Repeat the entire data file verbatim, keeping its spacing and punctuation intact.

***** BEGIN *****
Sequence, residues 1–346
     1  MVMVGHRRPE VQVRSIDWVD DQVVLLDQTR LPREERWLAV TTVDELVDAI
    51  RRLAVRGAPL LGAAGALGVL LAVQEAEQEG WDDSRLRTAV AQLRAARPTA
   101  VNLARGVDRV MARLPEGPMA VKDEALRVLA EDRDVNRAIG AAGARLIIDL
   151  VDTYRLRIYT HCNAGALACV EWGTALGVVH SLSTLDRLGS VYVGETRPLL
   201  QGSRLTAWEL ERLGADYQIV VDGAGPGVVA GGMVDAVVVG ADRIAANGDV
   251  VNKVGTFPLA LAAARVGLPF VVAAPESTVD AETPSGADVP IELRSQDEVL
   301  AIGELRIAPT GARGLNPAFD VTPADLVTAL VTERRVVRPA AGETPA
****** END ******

Sequence, residues 1–346
     1  MVMVGHRRPE VQVRSIDWVD DQVVLLDQTR LPREERWLAV TTVDELVDAI
    51  RRLAVRGAPL LGAAGALGVL LAVQEAEQEG WDDSRLRTAV AQLRAARPTA
   101  VNLARGVDRV MARLPEGPMA VKDEALRVLA EDRDVNRAIG AAGARLIIDL
   151  VDTYRLRIYT HCNAGALACV EWGTALGVVH SLSTLDRLGS VYVGETRPLL
   201  QGSRLTAWEL ERLGADYQIV VDGAGPGVVA GGMVDAVVVG ADRIAANGDV
   251  VNKVGTFPLA LAAARVGLPF VVAAPESTVD AETPSGADVP IELRSQDEVL
   301  AIGELRIAPT GARGLNPAFD VTPADLVTAL VTERRVVRPA AGETPA